Why we hire coders who can't code

Bobby Idogho, co-founder & CEO of Radically Digital, says the real talent is soft skills. The rest can be taught
BizAge Interview Team
Bobby Idogho

Communication, creativity, complex problem-solving, emotional intelligence, focus, cultural awareness. These are all soft skills employers are increasingly looking for when hiring today. Especially in tech.

Why? Because businesses perform better when the talent within can put both soft and hard skills to use. Put bluntly, whizzy coders who can’t empathise with clients keep up in your fast-moving start-up. Software engineers devoid of creative ideas won’t deliver enough value either.

For me, the big underlying win of soft skill-aligned recruitment and career development, is the wider pool of people you begin to have access to. Here at Radically Digital we are radically diverse. Our culture is built on inclusion and celebrating differences. When we hire based on personal traits and abilities, not just paper qualifications, we can broaden our workforce to include people who might not have been considered for tech roles a few years ago. And we’re thriving because of this.

As a digital consultancy, we’ve built a reputation for getting things done for clients with speed, charm and reliability. That’s down to the amazing people on the team. They tend to major on soft skills, and if they lack hard qualifications, we can teach them what’s needed. Many of our software engineers don’t come from a software engineering background. But they are brilliant communicators and problem solvers. Putting this in context, a massive 90% of our coders are client-facing, which is almost unheard of in tech consulting.

Why soft skills matter

A recent report from the Stanford Research Institute International and the Carnegie Mellon Foundation found that 75% of long-term job success depends on soft skills mastery, while only 25% on technical skills. These statistics confirm the importance of soft skills hiring and training, if you want to run a successful business.

Hard skills are typically easier to define and tend to be based on technical know-how and academic qualifications. An example of hard skills could be a computer programmer developing some code for an application, qualified to use a specific piece of software. Or a web designer fluent in HTML, CSS, and JavaScript.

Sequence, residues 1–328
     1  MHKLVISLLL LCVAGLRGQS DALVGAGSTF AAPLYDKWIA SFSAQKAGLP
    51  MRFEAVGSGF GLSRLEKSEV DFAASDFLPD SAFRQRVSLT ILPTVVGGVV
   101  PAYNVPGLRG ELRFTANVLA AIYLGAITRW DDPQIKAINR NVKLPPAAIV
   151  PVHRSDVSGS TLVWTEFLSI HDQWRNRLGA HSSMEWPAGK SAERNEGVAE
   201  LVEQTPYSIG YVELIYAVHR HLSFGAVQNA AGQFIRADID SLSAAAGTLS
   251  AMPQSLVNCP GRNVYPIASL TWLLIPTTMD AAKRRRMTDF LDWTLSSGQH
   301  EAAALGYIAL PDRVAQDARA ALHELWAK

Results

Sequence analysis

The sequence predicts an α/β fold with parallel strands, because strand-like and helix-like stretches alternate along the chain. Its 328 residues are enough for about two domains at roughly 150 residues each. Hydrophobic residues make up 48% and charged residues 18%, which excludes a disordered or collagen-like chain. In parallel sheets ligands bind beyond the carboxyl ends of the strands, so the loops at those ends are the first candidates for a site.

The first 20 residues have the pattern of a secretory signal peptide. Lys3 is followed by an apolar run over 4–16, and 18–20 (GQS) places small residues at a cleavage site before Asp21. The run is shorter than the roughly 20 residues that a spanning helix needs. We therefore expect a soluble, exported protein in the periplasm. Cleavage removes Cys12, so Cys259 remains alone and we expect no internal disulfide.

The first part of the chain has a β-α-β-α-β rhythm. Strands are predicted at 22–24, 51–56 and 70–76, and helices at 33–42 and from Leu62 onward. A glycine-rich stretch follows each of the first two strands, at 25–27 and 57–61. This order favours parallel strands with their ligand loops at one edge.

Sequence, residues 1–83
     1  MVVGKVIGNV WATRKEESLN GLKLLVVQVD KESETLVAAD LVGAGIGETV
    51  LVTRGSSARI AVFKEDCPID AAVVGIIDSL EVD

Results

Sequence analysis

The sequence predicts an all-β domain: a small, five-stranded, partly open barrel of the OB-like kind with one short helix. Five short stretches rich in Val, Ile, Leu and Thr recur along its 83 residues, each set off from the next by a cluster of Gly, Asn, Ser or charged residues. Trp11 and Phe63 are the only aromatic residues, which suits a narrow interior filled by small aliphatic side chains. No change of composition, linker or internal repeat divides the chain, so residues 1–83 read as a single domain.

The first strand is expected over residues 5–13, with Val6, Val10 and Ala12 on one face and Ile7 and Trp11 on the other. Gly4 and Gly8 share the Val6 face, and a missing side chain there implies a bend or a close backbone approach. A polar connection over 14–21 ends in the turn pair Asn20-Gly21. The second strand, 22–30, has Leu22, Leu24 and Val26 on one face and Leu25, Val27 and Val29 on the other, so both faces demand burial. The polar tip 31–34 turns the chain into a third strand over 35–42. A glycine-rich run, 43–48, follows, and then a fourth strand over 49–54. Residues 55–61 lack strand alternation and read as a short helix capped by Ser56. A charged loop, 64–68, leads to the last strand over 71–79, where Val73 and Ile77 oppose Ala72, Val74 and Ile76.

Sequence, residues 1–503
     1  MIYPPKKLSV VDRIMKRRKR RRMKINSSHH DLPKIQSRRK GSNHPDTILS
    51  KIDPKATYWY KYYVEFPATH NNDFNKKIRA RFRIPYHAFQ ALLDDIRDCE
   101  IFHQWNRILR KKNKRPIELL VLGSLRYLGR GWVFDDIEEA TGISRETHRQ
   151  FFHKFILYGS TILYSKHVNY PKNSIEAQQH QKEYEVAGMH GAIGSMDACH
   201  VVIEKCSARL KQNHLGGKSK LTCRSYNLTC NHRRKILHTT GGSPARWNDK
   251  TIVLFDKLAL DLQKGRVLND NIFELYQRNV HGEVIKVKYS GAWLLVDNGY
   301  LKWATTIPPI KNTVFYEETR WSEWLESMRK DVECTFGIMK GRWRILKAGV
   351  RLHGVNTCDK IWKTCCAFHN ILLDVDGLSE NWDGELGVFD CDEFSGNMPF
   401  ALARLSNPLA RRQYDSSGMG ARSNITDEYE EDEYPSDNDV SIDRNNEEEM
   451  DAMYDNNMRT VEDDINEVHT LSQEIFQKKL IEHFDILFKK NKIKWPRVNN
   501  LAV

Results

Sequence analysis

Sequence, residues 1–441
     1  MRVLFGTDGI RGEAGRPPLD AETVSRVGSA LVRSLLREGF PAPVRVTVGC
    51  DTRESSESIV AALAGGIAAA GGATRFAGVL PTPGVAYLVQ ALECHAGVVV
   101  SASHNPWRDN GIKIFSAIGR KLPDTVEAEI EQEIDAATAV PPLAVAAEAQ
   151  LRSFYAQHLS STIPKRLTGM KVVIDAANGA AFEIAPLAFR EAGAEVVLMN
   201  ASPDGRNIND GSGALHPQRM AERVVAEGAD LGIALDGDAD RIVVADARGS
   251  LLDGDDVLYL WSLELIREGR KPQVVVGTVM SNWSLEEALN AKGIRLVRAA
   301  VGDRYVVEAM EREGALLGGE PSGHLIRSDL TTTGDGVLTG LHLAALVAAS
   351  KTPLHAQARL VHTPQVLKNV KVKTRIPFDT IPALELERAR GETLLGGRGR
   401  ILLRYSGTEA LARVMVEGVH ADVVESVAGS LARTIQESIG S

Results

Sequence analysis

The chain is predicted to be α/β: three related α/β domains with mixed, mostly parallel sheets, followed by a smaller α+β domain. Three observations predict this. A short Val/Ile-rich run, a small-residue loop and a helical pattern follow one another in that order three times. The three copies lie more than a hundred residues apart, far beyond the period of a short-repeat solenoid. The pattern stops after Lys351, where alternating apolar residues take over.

Soft Skills represent a more inherent, people-focused skillset. High-performers have high emotional intelligence, which includes empathy, self-awareness, and cooperativeness. Having a high EQ allows you to be better at understanding other people and therefore more likely to make better decisions.

I believe cultural awareness as a soft skill can be particularly powerful. Becoming more aware of other cultures is an important part of increasing diversity and inclusion in the workplace. This will become ever more important as digital technology continues to remove our remaining degrees of separation.

Critical thinking is much in demand in tech businesses too. This is the ability to devise new solutions to help solve problems more effectively. As the world of work becomes more and more digitised, this is going to be a major selling point.

Soft skill-inclusive recruitment

At Radically Digital, we hire both technical (i.e. software engineers, DevOps, designers, product managers) and non-technical talent based on their soft skills. I know from first-hand experience that you can usually train in the hard, technical qualification. We’ve had career changers who have gone from minimal previous coding experience to quickly becoming adept, this was largely down to their strong EQ and willingness to learn something new.

There are ways to hire with skills-based diversity in mind. You can audit the employee journey to make sure D&I are bedded in, right from the job design stage. You can invest in HR department diversity training, and checking job descriptions. Examining the recruiting process, detecting potential weak spots in hiring stages, and repairing methods that aren't adding to the process, are essential to this. It’s also about looking at legacy or overlooked institutional issues. For example, diversity training for those involved in recruitment should focus on creating awareness of existing biases in recruiting. Often a hiring process can be specifically designed to promote and sustain diversity. Job descriptions should be transparent, clearly highlight and celebrate skills inclusivity and, importantly, the culture advertised should meet expectations. Soft skills aren’t a replacement for hard skills, but they are hugely valuable in business today. By embedding an element of skills-focused D&I from the initial recruitment stage, through onboarding, and across corporate culture, companies can create a welcoming environment in which employees feel comfortable and can learn and thrive. Shoring up the organisation’s soft and hard skills should be every entrepreneur’s goal. The more you know about your people, the better you can help them perform.

Written by
BizAge Interview Team
March 30, 2023